"The skirmish line of the division already occupied the edge of the wooded land across the open valley, some 200 yards wide, immediately in our front, when the command to advance was given and the whole division moved steadily forward, the enemy opening immediately with artillery from batteries in position down the valley on our right, and which had an oblique fire upon our lines as we passed through the low ground. After crossing the open we passed over several wooded ridges in succession, and through a deep though narrow channel of the creek, which, with its perpendicular sides, skirted by a tangled thicket, became a serious obstacle to the advancing troops. The lines were quickly reformed after passing the brook and again moved forward, steadily driving the enemy's skirmishers backward toward their works. These skirmishers were so strongly re-enforced that they were only to be driven back by the main line of our troops, who advanced, making an occasional momentary halt to deliver their fire. A short halt was made, bayonets were fixed, and the whole command charged the hill and carried the line of rifle-pits on the crest, driving the enemy back upon a second line some 250 yards from the first on our left, but approaching much nearer on our right. The first line of the Second Brigade was first in entering the works, but these were almost instantly entered by the First Brigade also farther to the left. The enemy immediately opened with both artillery and musketry from their second line, which extended far beyond both flanks of the division, and no troops being as yet in position on either our right or left, the division was halted, the Second Brigade (Manson's) occupying the enemy's works with their first line, and the First Brigade (Reilly's) occupying them with the second line, advancing the first line to the protection of a small intervening ridge between them and the new line occupied by the rebels, from which they were able to silence with their rifles a battery which was playing destructively upon the Second Brigade. No artillery had been able to accompany the division in its advance to attack, the broken nature of the ground and the physical obstacles of the creeks and thickets entirely preventing. The continuous heavy fire of the enemy caused, however, a considerable loss in both the One hundred and third Ohio and Fifth Tennessee while advancing to their position. An hour later I reported the ammunition of the whole division as being almost exhausted, and it being impossible to get wagons forward to the lines held by the command, I was notified that we would be relieved by the Fourth Corps and withdrawn temporarily to enable us to replenish the cartridge-boxes. A little after 3 p. m. General Harker's brigade, of Stanley's division, Fourth Corps, advanced under a galling fire of all arms to relieve the Second Brigade, and while preparing to effect the change Brigadier-General Manson was severely injured by concussion of a shell exploding near him, and was carried off the field." (OR No. 351)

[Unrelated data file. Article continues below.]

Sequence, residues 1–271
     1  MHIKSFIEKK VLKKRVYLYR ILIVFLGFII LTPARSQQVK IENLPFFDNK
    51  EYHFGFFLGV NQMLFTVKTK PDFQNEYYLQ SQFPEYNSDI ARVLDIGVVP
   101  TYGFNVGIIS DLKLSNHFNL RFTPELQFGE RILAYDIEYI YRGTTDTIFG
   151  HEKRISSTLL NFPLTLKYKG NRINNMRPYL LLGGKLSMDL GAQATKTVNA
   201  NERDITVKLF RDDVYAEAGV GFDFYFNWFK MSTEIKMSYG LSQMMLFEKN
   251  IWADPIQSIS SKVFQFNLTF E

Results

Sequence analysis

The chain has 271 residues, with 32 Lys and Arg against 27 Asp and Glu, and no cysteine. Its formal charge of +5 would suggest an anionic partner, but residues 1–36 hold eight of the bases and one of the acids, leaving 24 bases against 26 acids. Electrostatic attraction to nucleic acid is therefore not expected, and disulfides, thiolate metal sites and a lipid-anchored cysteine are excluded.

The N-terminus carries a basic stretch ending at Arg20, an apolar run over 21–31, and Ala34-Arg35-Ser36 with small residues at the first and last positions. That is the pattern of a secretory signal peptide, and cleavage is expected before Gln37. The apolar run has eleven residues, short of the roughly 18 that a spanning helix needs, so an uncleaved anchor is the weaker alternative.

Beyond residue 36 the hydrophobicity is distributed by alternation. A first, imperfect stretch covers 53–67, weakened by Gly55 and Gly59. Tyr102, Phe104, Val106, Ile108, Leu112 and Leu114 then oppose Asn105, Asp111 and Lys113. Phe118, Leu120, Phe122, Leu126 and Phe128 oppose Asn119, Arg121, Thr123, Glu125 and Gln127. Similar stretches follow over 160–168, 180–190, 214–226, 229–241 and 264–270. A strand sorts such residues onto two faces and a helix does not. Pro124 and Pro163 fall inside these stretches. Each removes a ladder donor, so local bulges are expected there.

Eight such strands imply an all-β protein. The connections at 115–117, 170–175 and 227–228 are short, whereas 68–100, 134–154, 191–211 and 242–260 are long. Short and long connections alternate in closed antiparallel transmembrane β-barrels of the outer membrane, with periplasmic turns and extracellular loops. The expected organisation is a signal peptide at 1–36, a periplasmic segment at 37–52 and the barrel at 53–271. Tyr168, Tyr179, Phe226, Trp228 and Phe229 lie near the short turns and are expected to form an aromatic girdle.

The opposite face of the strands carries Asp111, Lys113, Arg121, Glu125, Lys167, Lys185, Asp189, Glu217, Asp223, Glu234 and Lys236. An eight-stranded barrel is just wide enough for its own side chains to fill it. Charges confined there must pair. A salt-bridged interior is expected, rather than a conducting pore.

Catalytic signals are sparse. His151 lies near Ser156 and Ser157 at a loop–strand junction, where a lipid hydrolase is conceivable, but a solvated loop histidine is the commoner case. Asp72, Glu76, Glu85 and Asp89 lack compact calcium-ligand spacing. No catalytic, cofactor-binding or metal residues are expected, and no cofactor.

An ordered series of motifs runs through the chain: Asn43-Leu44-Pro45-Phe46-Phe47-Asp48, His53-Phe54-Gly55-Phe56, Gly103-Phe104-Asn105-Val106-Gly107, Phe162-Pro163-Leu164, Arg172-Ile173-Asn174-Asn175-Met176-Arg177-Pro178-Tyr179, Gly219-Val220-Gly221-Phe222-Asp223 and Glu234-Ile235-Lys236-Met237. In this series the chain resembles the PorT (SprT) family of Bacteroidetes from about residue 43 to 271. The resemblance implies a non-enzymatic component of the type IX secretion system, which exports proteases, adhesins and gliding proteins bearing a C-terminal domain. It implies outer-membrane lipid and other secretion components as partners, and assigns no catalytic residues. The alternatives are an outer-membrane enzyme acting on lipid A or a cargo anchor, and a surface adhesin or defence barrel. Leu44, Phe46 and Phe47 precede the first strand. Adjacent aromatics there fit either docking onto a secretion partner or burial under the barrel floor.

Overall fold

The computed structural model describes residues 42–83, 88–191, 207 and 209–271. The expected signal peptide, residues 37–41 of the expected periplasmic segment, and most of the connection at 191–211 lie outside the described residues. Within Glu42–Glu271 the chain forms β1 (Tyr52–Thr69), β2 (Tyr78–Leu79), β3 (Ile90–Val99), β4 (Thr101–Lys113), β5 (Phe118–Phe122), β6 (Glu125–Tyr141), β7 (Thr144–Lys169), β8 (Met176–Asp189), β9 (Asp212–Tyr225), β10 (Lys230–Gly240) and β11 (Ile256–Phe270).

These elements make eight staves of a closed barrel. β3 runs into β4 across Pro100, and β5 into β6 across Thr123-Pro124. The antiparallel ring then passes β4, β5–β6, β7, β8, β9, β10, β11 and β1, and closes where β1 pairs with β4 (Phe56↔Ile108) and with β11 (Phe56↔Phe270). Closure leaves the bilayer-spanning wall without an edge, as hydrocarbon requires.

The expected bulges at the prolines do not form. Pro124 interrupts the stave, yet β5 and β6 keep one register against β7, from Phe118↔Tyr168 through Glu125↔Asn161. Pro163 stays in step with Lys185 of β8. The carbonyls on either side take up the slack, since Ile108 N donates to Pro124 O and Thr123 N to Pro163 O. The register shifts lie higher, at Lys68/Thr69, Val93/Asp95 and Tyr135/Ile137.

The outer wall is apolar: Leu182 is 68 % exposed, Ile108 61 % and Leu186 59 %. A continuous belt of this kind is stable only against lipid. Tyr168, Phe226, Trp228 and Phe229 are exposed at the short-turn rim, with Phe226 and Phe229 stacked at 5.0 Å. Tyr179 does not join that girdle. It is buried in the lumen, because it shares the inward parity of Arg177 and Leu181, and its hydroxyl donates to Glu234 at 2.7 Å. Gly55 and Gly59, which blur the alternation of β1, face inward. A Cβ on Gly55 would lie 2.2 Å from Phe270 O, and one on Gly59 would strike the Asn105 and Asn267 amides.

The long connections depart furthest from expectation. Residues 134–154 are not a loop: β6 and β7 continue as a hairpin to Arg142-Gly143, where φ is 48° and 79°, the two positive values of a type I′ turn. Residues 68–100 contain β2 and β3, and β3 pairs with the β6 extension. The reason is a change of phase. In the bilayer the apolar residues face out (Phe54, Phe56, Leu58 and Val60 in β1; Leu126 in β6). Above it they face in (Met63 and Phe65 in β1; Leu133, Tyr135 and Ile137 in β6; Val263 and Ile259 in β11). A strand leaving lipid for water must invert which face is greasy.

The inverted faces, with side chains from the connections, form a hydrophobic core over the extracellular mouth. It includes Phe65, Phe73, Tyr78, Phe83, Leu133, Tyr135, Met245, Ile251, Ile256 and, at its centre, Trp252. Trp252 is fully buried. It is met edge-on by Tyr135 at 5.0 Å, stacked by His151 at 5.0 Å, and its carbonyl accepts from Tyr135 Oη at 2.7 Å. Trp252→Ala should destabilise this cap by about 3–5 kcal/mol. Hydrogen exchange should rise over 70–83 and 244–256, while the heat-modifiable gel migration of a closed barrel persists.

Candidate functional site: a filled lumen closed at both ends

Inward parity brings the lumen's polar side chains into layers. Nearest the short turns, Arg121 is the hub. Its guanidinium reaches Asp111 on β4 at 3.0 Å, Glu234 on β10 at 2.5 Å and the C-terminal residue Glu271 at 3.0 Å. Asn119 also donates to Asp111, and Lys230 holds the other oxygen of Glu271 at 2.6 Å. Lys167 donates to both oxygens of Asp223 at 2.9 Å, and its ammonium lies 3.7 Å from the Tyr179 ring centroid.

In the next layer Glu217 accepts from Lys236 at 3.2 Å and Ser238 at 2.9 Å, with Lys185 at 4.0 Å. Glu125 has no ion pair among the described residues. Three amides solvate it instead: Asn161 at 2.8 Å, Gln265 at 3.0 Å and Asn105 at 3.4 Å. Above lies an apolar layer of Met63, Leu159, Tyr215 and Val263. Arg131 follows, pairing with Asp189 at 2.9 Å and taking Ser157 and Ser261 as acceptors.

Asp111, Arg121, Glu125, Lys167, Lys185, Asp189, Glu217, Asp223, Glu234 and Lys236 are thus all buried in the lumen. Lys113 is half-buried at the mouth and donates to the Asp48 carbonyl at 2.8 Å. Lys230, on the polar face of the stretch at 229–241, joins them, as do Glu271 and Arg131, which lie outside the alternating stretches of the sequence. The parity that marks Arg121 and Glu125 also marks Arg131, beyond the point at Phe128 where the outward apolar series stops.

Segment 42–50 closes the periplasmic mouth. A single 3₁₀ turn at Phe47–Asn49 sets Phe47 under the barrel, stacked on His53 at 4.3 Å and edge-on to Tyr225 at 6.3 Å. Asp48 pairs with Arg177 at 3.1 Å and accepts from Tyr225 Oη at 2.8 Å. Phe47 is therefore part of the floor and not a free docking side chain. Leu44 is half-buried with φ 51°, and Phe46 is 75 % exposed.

By Sep 1864 he is back with the regiment, just in time for the battles of Franklin and Nashville, Hood's last desperate gamble. It's not clear if the regiment remained with the army until Johnston's surrender.
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Pvt. James Hammontree, Capt. Duncan's Co., Col. Bunch's Regt, (2nd Regt., East Tennessee Militia)
|Battle of Horseshoe Bend|
Andrew Jackson's official report of the Battle of Horseshoe Bend (27 March 1814) mentions that "a few companies" of Colonel Bunch were part of the right line of the American forces at this engagement (left, on the map). Muster rolls show some casualties from this battle in the companies led Joseph Duncan.
The Red Sticks were forted up on a peninsula formed by a bend in a large arc of the Tallapoosa River. "It is difficult to conceive," Jackson wrote, "a situation more eligible for defense than the one they had chosen." The Red Sticks had built across the peninsula a zigzag wall of logs and rammed earth, five to eight feet high. This wall had loopholes or firing ports in it so that the defenders could fire without exposing themselves, and attackers against one of the zigs could be enfiladed by defenders at the opposing zag. Estimates placed the Red Sticks’ strength at 1,000 warriors, with another 300 women and children living among them. Menewa, "the Great Warrior," acted as overall Red Stick commander. It was the most complex defensive works ever built by native Americans.
Jackson had the 39th US Infantry and a couple regiments of East Tennessee volunteers. In addition, Junaluska, a Cherokee chief, brought five hundred of his warriors, and a hundred Lower Creeks (White Sticks) under William McIntosh showed up. A contingent of Choctaws also joined them.
The regulars from the 39th were in the center and more Tennesseans were on the left. At 10 am, Jackson ordered Coffee to cross the river with his cavalry, Indian allies, and scouts. They made the crossing without the Red Sticks taking notice. Jackson positioned his two artillery pieces 80 yards from the breastwork and opened fire at 10:30. The cannon weren’t meant for this type of mission, and their balls bounced harmlessly off the wall, prompting the Red Sticks to taunt the attackers. Their prophets danced on the roofs of the huts, proclaiming their invincibility and the impotence of their adversaries.
For two hours, the two sides fought to a stalemate. To the south of the village, across the river, the Cherokees became impatient listening to the artillery fire. Many swam the waters of the Tallapoosa under a covering fire from their comrades. There, they captured the Red Stick canoes left on the riverbank, cut them free, and used them to ferry the force across. Soon, one hundred fifty to two hundred White Stick Creeks under William McIntosh and many of Coffee's volunteers had crossed the river as well, capturing the town and setting it on fire. They then advanced into the wooded hills that lay between the town and the rear of the barricade.
Meanwhile. the 39th stormed the breastwork. When Major Lemuel Montgomery climbed to the top; and was instantly shot in the head. Ensign Sam Houston, a neighbor of the Hammontrees back in Tennessee, took his place and received a barbed arrow in the thigh for his troubles. It didn’t stop him, and he leapt down inside the fortification, establishing a foothold for the others. The defenders fired through the loopholes at the attackers; and the attackers thrust their own muskets through and fired back, sometimes muzzle to muzzle. Only now, the Red Sticks had to worry about White Sticks and Cherokees in their rear along with Coffee's volunteers. Soon, the 39th and the Tennesseans had mounted the barricade and swarmed through intense hand-to-hand combat inside the encampment. The Red Sticks fought bravely, but they were overwhelmed.
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Pvt. John Hammontree, Capt. John Montjoy's Co. of Foot, 10th Virginia, Continental Line.
Pvt. Harris Hammontree, Capt. Wm. Cunningham's Co. of Foot, 1st Virginia, Continental Line.Harris [or Harrison] enlisted in the 1st Virginia Regiment of Foot, Continental Line and arrived in camp at Valley Forge on 12 Feb. 1778, twelve days before the death of his older brother John. (Today's 276th Engineer Battalion is the lineal descendant to the 1st Virginia.) He would have been drilled and trained by von Steuben, and served as a private in Capt. William Cunningham's Company, under Col. Richard Parker, in Gen. Peter Muhlenberg's Brigade, "Lord Stirling's" Division. The June and July pay records indicate his pay was docked due to illness! His first tour of duty ended in November 1778, so he would have been in the Battle of Monmouth on the left of Washington's line when Cornwallis attacked.. In his second tour of duty, Harrison Hammontree received military pay on 8 Oct. 1779, during which time the regiment picked off two forts guarding New York City.
He would seem to have left the regiment before it was reorganized and sent south to Charleston, where it was captured in toto by the British. Harris served on the western frontier of Virginia, where he was killed fighting the Indians on 25 Jul. 1781.